Calnan on jurisprudence

Conceptual reasoning and the law
RE | issue 14 | 2018

One of the recurring themes of commercial law is the potential conflict between ensuring that the law is logical and consistent, and satisfying the practical requirements of business people.

The conventional wisdom is that common law jurisdictions prize practicality more than civil law jurisdictions. Whilst a common lawyer will say: ‘That’s all very well in theory, but how does it work in practice?’, a civil lawyer is more likely to say: ‘That’s all very well in practice, but how does it work in theory?’

But even common law systems need principles and rules which are logical and consistent; and this is particularly important for the law of contract because it underpins all commercial law.

For years, there has been doubt about whether it is possible for the parties to a contract to agree that it can only be amended in a particular way. Can a contract provide that it can only be varied by a written agreement which has been signed by the parties? A clause of this kind can provide welcome certainty. It can avoid the necessity to trawl through vast amounts of material in order to establish whether the parties really did intend to amend their contract. Order can be created out of chaos.

The problem with this approach is that an element of chaos is inherent in the way English law deals with contracts. The guiding principle of the common law of contract is that whether a contract exists—and whether it has been amended—depends on the common intention of the parties. There are very few formalities. What is important is what the parties have actually agreed. That may be messy, but life is messy.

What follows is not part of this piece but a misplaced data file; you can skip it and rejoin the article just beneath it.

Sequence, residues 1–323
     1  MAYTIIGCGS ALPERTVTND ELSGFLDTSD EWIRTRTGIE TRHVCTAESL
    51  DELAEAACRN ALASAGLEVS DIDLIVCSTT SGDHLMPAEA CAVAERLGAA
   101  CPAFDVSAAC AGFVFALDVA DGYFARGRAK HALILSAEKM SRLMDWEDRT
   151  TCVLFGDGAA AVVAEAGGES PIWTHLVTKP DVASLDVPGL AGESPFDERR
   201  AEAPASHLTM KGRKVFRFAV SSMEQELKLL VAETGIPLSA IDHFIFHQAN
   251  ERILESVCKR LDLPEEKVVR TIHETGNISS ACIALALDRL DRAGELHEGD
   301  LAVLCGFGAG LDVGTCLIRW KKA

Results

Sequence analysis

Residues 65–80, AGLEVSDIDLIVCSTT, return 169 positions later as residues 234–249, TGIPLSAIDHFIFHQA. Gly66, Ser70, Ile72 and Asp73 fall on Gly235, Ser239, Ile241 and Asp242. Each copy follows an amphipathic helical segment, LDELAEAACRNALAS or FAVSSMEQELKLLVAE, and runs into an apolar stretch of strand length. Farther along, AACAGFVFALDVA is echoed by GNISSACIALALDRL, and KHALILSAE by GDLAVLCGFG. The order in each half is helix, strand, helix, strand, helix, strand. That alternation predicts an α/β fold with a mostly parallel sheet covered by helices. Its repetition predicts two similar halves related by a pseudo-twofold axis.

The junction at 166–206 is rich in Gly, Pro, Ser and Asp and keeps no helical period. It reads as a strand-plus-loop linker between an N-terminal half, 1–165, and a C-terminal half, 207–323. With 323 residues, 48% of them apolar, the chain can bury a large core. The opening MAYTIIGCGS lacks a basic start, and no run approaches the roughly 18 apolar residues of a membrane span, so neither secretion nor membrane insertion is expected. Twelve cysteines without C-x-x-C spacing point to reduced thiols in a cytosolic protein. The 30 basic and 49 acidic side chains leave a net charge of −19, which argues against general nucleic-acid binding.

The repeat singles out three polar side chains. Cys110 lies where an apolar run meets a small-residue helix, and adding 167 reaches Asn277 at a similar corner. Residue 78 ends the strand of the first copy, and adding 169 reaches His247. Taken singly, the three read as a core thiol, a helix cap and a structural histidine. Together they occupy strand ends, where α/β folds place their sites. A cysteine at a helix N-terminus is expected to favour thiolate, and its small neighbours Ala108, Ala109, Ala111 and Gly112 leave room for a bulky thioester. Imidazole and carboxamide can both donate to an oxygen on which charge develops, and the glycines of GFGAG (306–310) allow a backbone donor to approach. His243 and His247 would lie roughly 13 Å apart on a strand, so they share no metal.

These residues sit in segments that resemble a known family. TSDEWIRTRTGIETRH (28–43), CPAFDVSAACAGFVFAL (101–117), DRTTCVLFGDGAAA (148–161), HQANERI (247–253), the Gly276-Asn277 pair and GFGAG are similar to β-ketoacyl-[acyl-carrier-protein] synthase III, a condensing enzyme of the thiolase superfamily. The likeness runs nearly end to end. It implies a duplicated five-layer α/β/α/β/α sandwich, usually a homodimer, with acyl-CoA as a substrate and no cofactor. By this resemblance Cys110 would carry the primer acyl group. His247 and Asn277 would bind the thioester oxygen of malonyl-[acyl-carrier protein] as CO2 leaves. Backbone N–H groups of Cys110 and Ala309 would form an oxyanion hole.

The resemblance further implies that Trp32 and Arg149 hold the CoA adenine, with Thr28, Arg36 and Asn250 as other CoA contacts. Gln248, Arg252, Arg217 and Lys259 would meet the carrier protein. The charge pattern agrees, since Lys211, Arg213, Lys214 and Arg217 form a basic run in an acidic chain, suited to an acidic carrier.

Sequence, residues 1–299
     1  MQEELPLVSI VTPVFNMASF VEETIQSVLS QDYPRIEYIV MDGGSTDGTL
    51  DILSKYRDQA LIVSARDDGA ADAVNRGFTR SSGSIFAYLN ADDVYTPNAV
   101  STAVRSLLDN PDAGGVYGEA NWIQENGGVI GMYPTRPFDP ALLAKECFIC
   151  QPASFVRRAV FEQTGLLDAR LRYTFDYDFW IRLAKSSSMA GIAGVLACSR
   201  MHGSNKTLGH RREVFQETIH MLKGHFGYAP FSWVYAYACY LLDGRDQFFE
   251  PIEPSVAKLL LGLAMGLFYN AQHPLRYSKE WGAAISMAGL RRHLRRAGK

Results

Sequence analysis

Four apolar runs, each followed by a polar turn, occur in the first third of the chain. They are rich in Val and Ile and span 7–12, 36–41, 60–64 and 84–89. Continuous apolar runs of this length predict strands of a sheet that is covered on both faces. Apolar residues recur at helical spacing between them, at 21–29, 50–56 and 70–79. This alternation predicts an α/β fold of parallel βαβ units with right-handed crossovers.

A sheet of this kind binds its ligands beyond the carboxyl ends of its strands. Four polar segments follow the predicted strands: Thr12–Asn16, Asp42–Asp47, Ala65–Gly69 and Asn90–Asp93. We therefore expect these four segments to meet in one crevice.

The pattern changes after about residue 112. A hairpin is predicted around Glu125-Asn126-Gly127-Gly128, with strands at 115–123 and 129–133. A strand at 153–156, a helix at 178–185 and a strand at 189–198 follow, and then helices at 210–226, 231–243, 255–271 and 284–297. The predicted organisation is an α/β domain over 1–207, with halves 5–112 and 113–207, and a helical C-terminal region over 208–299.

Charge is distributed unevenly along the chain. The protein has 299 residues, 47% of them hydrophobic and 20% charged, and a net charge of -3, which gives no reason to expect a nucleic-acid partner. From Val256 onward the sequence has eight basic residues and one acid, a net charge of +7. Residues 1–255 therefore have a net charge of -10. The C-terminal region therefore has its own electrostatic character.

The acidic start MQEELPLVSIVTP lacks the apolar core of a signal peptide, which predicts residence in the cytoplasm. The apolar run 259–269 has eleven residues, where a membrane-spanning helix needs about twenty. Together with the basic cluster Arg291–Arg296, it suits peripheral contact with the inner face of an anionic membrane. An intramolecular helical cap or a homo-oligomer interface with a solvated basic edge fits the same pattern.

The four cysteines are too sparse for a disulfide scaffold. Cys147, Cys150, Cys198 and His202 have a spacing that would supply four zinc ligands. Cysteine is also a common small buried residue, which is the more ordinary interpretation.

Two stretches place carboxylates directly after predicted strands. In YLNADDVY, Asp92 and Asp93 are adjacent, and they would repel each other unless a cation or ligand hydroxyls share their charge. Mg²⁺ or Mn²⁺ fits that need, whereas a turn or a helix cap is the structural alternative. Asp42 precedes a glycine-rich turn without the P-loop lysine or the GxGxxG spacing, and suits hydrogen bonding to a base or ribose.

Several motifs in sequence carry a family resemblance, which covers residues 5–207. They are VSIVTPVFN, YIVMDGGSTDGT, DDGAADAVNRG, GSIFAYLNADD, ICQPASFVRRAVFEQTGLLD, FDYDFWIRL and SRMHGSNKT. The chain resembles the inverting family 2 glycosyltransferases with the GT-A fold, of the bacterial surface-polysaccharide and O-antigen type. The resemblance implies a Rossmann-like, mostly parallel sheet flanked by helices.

People change their minds.

They may initially have agreed to formalise the way in which the contract can be amended but, if they subsequently intend to vary the terms of the contract, they must necessarily have intended to override the formal requirement.

Until recently, few cases had considered this issue. Then, a couple of years ago, two cases came along at once, and two differently constituted Courts of Appeal decided that these variation clauses were ineffective because the parties are always free to change their minds. That seemed to have resolved the question. But, then, one of the cases went on appeal to the Supreme Court and it took the contrary view. The Supreme Court decided that these variation clauses are effective. The parties are free to write what they want in their contracts. If they agree that variations can only be made in a particular way, then that is the only way in which they can be made.

There is something quite reassuring about this approach. The courts are giving effect to what the parties have agreed. The problem is that it looks to what they agreed at the time the contract was entered into, and not what they have subsequently come to agree. If a court is to establish the common intention of the parties, logically it must do so at the time the question arises.

The Supreme Court dismissed this concern as ‘entirely conceptual’. But, if we ignore the conceptual basis of legal reasoning, we end up with palm tree justice. It is always dangerous to override fundamental legal principles in the interests of convenience.


First published in RE: issue 14 (2018)
Richard Calnan is a partner with Norton Rose Fulbright in the UK, Visiting Professor at UCL and an author with Oxford University Press. He writes on jurisprudence from an English law perspective.